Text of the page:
This has been addressed time and again, but let me do it again. Three-fourth's of the states must ratify any proposed amendment from a convention of the states; the exact threshold required to adopt amendments proposed by Congress. The idea that thirteen red-state legislatures(with just one house controlled by Republicans) would embrace the left's radical agenda, should crazy amendments be proposed at a convention of the states, is absurd. Moreover, far more state legislatures are presently controlled by Republicans than Democrats. Therefore, the convention of the states could not be hijacked by the most liberal Democrat activists. Furthermore, even a cursory understanding of current events related to this subject reveals that state legislators are already putting together processes that would govern the meeting, should such a meeting take place in the future, to prevent anyone from hijacking the process. That said, the situation today is that the federal government re-writes, modifies,usurps, defies, etc. the Constitution virtually at will. As such, the Constitution as written and intended is meaningless in many respects. The purpose of Article V is to restore constitutional government, should that still be possible. And that was and is its purpose.
This is quintessential federalism. It's authorized by Article V. George Mason originally proposed it. George Washington and the other delegates at the Constitutional Convention, including James Madison, voted for it, as did the state ratification conventions. Such modern notables as Milton Friedman, Ronald Reagan, Dwight Eisenhower, among others, supported it. An aging Madison would later refer to Article V as a way to avoid the growing hostilities between the states. Abraham Lincoln did the same thing, but it was too late to avoid the Civil War. And the reform amendmentsI propose in my book, among other things, empower the legislatures to override or bypass the federal government in matters where the framers intended the states to hold sway. Thus, the issue is not whether the federal government nullifies the amendments. The amendments empower the states to act.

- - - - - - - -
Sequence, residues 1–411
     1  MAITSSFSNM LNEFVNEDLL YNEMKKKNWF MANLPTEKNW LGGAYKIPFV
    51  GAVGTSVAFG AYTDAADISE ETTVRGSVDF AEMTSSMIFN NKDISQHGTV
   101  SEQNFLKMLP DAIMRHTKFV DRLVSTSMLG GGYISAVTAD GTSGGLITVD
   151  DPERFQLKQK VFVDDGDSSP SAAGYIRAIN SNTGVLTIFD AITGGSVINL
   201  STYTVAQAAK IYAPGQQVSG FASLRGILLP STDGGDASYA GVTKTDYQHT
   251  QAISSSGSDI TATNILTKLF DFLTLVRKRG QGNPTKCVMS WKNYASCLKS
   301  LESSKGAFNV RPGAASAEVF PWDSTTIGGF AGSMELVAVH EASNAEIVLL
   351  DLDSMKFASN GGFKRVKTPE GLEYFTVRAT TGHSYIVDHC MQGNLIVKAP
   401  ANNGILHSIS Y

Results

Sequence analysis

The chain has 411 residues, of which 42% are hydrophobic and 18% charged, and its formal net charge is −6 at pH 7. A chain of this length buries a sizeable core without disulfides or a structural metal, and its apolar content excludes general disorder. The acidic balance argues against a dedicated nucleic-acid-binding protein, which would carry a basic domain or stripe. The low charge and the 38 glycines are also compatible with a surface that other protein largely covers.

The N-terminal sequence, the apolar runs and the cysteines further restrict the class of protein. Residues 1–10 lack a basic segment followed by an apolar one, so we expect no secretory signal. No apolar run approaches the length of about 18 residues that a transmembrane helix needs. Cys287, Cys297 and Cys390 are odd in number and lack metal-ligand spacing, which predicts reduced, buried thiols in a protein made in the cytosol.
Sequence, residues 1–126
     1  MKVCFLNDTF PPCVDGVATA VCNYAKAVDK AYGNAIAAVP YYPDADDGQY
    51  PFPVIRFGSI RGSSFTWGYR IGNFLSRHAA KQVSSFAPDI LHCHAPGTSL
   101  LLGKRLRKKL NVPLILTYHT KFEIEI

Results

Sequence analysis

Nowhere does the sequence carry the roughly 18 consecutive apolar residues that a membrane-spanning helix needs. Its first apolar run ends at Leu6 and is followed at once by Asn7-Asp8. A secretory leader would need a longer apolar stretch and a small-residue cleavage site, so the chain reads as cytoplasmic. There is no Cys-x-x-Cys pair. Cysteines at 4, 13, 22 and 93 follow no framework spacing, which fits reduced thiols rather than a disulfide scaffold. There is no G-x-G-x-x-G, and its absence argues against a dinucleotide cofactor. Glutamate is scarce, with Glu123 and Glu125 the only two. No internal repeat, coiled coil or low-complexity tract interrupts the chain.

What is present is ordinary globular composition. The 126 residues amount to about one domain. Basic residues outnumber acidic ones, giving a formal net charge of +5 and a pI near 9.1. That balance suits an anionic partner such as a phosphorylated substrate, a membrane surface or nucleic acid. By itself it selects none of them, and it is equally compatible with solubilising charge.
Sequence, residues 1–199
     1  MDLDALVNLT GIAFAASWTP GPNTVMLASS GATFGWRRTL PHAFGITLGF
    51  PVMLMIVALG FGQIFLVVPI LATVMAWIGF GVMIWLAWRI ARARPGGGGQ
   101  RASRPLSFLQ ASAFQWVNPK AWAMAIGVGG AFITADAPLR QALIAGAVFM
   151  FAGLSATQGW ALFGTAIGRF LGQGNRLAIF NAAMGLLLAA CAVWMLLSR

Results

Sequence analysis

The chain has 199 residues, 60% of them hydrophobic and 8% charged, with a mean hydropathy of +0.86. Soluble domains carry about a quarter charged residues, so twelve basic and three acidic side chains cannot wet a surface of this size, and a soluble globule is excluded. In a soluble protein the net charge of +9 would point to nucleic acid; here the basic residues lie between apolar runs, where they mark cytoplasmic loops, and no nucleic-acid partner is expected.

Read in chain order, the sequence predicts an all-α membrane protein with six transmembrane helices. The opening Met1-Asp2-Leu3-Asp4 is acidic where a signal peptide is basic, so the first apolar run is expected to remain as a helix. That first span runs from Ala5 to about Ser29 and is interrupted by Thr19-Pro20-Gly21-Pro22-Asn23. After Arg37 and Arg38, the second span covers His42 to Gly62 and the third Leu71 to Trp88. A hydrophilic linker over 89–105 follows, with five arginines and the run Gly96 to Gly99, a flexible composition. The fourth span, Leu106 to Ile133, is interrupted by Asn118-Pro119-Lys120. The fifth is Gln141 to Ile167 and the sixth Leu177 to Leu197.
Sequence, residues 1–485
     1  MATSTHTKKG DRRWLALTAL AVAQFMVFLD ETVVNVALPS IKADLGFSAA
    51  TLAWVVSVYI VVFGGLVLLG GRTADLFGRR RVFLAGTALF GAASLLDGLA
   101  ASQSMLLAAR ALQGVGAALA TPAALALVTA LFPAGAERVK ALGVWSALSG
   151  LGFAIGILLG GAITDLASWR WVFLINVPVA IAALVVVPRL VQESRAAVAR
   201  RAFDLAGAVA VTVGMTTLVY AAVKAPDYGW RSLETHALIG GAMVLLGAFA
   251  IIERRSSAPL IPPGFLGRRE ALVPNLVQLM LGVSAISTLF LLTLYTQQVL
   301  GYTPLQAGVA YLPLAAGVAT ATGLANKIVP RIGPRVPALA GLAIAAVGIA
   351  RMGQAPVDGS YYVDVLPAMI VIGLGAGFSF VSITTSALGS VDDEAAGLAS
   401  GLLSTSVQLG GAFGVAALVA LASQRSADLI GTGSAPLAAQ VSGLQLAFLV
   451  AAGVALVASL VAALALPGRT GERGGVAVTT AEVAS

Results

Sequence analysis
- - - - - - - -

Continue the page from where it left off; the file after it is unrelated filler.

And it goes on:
Finally, the writer reveals himself in the first sentence of his article. This is not a constitutional convention. It is a convention of the states. The framers understood the difference. The writer does not; nor does he have any suggested recourse to what is happening to the republic. I guess he believes the federal government will magically abandon its own designs. I don't accept his defeatism, hysteria, or the inevitability of tyranny. Historically, the states would gather to discuss common issues of concern and attempt to resolve them. Article V was proposed in this context. For some reason, those opposed to it claim to oppose abusive federal power and support state authority, yet reject the only constitutional and civil recourse available to blunt federal power and empower the states.